# Is it safe to re-use the same p and q to generate a new pair of keys in RSA if the old private key was compromised?

Say I selected two large primes p and q for RSA and computed my public key (e, n=pq) and my private key (d).

Now, I was careless and compromised my private key (d). p and q were not leaked. Taking into account that (e, n) were already public knowledge, would it be safe to generate a new key pair with the same p and q or are they somehow compromised by the leaking of the private key?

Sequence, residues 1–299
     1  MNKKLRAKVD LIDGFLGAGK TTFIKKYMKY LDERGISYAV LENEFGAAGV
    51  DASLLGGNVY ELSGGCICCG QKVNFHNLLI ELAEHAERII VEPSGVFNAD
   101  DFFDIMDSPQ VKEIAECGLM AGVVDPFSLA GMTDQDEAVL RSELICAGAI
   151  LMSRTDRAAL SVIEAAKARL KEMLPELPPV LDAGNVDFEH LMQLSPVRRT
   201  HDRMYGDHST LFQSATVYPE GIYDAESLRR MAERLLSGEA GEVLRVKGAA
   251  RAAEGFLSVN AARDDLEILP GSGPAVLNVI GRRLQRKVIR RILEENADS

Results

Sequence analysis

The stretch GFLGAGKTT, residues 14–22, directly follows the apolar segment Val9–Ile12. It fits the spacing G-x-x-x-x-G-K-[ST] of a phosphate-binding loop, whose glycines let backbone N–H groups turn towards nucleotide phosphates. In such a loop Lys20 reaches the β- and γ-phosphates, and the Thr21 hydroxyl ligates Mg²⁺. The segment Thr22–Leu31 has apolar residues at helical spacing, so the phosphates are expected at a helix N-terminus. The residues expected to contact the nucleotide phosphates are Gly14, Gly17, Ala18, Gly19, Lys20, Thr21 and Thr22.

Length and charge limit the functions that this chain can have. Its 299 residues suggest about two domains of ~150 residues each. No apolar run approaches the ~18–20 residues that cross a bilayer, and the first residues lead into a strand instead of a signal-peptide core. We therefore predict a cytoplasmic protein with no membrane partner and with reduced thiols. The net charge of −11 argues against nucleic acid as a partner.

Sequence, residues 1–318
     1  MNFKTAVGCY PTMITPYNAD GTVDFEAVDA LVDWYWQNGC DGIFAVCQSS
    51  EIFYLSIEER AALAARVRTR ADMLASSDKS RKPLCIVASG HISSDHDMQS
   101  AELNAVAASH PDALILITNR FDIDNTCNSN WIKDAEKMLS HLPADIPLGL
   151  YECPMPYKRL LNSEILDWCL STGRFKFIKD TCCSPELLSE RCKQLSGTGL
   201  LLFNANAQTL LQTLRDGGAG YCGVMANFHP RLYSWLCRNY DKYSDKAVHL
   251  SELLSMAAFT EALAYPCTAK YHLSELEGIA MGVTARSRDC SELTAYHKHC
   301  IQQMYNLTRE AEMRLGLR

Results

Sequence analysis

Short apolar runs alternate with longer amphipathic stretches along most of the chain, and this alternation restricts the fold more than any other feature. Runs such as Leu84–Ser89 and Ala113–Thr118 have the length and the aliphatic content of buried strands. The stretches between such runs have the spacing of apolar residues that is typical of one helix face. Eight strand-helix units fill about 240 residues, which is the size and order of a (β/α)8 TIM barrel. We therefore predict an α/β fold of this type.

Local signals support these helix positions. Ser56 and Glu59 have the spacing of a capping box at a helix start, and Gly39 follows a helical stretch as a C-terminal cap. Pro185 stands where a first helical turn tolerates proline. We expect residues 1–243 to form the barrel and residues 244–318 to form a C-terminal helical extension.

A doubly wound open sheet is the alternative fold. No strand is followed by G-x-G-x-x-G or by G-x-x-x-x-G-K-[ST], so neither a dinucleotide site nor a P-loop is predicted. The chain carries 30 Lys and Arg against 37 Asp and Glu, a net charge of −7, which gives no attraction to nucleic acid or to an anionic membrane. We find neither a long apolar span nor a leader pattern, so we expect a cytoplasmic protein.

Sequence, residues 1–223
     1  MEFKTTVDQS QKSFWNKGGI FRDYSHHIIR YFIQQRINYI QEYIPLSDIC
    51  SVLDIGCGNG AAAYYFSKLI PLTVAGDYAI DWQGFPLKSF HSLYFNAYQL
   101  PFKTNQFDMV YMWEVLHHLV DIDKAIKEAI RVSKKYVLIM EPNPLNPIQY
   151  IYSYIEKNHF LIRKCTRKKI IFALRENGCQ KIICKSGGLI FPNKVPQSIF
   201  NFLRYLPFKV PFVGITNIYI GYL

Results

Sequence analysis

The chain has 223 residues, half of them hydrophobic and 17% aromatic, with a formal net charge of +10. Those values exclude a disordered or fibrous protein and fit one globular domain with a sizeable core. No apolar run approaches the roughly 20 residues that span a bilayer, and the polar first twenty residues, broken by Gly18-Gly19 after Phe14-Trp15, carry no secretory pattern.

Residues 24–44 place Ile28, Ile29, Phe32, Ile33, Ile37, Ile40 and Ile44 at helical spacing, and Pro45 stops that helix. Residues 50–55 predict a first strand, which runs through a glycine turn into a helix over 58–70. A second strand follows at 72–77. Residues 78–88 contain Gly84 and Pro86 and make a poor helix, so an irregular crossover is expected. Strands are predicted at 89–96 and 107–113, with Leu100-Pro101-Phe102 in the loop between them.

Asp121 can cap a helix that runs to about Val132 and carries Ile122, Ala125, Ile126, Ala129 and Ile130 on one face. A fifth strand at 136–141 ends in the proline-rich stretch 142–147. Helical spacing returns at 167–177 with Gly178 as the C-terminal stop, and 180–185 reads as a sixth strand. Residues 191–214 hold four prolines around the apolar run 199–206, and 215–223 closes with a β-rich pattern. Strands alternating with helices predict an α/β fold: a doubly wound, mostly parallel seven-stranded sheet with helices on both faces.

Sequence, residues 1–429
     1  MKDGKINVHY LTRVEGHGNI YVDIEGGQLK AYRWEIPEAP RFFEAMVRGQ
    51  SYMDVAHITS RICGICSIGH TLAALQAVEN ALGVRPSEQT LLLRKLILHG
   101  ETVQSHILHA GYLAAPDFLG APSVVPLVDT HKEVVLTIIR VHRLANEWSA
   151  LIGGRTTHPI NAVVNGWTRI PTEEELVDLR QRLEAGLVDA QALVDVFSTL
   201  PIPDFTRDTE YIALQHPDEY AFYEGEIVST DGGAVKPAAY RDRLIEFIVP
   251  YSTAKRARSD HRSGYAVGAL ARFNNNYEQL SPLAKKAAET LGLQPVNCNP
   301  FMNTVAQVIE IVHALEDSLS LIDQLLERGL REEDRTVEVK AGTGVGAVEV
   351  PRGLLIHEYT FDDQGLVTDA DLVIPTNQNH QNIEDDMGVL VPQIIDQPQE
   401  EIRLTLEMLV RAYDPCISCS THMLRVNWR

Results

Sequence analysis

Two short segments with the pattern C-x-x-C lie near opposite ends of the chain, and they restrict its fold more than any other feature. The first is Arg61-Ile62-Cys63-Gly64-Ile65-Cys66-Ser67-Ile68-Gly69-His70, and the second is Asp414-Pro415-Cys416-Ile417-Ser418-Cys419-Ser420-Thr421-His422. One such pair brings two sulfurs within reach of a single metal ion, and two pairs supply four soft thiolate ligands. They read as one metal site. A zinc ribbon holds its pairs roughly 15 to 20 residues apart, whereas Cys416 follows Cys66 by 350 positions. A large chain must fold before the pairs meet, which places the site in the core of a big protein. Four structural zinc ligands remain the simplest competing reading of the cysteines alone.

If it would not be safe, how could someone compute p and q from my public-private key pair?

• In practice almost everything in this century uses PKCS1 privatekey format which stores p,q explicitly as well as d-mod-pm1, d-mod-qm1, qinv-mod-p for CRT, so they're already compromised. But that's an answer for security.SX not crypto.SX. – dave_thompson_085 Nov 27 '19 at 5:04

There are several methods to compute $$p$$ and $$q$$ from $$n$$, $$e$$ and $$d$$. See appendix C of this document.